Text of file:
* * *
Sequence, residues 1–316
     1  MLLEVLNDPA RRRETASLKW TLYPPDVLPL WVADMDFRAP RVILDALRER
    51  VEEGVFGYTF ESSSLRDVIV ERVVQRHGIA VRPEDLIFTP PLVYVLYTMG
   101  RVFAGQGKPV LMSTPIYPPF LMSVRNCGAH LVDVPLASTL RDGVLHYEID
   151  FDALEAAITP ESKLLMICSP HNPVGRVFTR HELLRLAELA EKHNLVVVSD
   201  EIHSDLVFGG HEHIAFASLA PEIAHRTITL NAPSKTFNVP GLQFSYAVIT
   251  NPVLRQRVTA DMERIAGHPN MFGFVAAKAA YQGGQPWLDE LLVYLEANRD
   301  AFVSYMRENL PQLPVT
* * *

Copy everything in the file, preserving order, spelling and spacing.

Sequence, residues 1–316
     1  MLLEVLNDPA RRRETASLKW TLYPPDVLPL WVADMDFRAP RVILDALRER
    51  VEEGVFGYTF ESSSLRDVIV ERVVQRHGIA VRPEDLIFTP PLVYVLYTMG
   101  RVFAGQGKPV LMSTPIYPPF LMSVRNCGAH LVDVPLASTL RDGVLHYEID
   151  FDALEAAITP ESKLLMICSP HNPVGRVFTR HELLRLAELA EKHNLVVVSD
   201  EIHSDLVFGG HEHIAFASLA PEIAHRTITL NAPSKTFNVP GLQFSYAVIT
   251  NPVLRQRVTA DMERIAGHPN MFGFVAAKAA YQGGQPWLDE LLVYLEANRD
   301  AFVSYMRENL PQLPVT